Cold or flu? 9 ways to tell them apart

As soon as you feel the first symptoms, uncommon fatigue or a sore throat, you wonder, is it a cold or the flu? Either one will affect us, but it’s important to know the difference to get the proper treatment. It’s a good thing there are surefire ways to tell them apart.

Cold or flu? 9 ways to tell them apart

1

Season

Colds are more frequent from fall to the end of spring, while the flu tends to hit in winter, especially from December to March or April.

2

Fever

It is very rare to experience fever with a cold. So, if you present a fever of 100.4–104°F or 38–40°C for three to four days, you’re probably suffering from the flu.

Vaccination is your best protection against the flu and its complications - Catherine Plamondon, Brunet's affiliated pharmacist-owner, Hemmingford and Lacolle branches.

3

Body aches

You can feel a little achy with a cold, but when your muscles feel stiff and painful, it’s probably the flu. These muscle aches will go away after three or four days.

4

Fatigue

A cold may make you feel a little more tired than usual, but the flu will present with intense and persistent fatigue for up to two or three weeks!

5

Stuffy and runny nose

If you’re feeling congested and your nose is constantly runny, you probably have a cold, as these symptoms are rather rare with the flu

6

Sneezing

Very common with a cold, sneezing is not usually a symptom of the flu.

7

Sore throat

Sore throats are more often associated with cold symptoms and are rarely associated with the flu.

8

Headaches

The congestion that comes with a cold can cause rare minor headaches. On the other hand, headaches are basically a given with the flu and can be very intense.

9

Cough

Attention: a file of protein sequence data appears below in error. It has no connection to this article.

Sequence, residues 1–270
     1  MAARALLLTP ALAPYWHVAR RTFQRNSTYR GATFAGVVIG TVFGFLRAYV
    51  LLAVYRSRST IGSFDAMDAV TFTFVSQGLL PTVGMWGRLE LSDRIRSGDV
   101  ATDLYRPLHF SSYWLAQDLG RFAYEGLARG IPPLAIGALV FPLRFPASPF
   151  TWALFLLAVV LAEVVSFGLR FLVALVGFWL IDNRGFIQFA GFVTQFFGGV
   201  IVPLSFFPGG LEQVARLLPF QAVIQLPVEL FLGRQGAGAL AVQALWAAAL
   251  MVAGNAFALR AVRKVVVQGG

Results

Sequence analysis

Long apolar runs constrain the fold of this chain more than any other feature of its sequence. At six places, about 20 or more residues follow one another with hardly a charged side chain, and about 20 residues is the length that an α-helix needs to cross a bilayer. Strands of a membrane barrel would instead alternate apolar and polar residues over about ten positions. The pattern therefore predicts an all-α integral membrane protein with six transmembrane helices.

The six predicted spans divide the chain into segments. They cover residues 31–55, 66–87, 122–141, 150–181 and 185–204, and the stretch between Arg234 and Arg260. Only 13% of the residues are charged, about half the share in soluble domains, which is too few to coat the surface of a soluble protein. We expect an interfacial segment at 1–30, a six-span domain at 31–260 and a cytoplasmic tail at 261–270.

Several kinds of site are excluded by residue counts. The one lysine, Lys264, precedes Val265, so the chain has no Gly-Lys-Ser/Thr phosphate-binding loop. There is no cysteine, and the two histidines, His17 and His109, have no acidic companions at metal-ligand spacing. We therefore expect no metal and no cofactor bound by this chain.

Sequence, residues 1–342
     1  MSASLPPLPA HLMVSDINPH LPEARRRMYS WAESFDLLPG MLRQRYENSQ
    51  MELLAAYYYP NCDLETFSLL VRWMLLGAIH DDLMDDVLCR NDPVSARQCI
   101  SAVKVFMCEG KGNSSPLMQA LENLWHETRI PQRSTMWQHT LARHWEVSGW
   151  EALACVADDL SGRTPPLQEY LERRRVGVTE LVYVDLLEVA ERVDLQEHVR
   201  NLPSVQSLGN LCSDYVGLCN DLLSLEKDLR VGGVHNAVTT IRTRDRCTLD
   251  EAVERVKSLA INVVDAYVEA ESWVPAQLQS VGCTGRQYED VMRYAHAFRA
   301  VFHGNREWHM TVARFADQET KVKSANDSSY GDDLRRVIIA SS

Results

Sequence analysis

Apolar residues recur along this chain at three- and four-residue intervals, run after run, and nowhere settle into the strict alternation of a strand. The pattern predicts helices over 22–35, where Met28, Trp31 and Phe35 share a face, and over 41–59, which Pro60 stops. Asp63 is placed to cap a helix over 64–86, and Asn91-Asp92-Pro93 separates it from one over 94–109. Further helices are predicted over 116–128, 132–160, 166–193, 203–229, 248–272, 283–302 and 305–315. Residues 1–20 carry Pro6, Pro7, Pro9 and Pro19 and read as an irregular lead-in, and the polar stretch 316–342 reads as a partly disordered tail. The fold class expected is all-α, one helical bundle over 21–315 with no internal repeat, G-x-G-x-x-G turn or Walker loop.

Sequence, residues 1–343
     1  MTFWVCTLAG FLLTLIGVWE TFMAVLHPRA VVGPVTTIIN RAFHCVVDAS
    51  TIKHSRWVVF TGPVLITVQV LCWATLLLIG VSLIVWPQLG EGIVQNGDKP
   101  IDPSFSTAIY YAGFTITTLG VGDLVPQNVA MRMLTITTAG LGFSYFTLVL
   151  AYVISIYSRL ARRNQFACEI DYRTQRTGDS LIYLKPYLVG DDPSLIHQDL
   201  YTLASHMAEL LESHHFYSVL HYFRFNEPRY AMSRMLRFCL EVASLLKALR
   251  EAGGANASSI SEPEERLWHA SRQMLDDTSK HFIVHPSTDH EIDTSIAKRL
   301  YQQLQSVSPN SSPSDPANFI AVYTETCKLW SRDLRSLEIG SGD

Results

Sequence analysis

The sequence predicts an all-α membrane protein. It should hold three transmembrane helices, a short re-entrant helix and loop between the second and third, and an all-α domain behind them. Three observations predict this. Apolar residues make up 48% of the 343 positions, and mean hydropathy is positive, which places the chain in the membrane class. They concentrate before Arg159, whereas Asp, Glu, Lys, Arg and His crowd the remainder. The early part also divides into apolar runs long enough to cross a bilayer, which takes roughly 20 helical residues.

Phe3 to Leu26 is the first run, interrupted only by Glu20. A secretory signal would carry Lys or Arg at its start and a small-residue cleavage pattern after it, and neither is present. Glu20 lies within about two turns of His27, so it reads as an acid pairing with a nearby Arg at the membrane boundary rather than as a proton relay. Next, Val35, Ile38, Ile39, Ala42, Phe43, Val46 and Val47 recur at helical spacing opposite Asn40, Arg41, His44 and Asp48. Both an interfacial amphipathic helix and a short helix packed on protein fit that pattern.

We may have a light to moderate cough with a cold. However, a flu will be associated with moderate to severe cough.

10

Did you know?

Whether you’re suffering from a cold or the flu, your pharmacist affiliated with Brunet is your best ally and can :

  • recommend over-the-counter medications to relieve your symptoms adapted to your health condition;
  • help you evaluate the gravity of the situation and direct you to the appropriate health care professional if necessary.

Your Brunet-affiliated pharmacy can offer vaccination by a nurse against the flu, under certain conditions. Make an appointment and get vaccinated at a participating Brunet-affiliated pharmacy at a time that suits you.

11

When should you consult a doctor?

Most people won’t need to consult a doctor for a cold or even the flu. However, those who are more vulnerable (older people, people with chronic illnesses, pregnant women, babies, etc.) must monitor their symptoms carefully and consult a doctor if need be.

Also, you should consult a doctor immediately if you experience:

  • Fever that is increasing or persistent for the past 3 days;
  • Worsening or non-improving symptoms that have been present for more than 7 days;
  • Difficulty breathing that is worsening or not improving;
  • Blue lips;
  • Vomiting for more than 4 hours;
  • Intense chest or head pains;
  • Excessive drowsiness
  • Confusion or convulsions;
  • Absence of urine for more than 12 hours;
  • A fever higher than 39°C (102.2°F) in a child;
  • Fever in a baby younger than 6 months old;

Consult your pharmacist for more information. He will be able to orient you toward the proper resource.

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Cold or flu? 9 ways to tell them apart

As soon as you feel the first symptoms, uncommon fatigue or a sore throat, you wonder, is it a cold or the flu? Either one will affect us, but it’s important to know the difference to get the proper treatment. It’s a good thing there are surefire ways to tell them apart.
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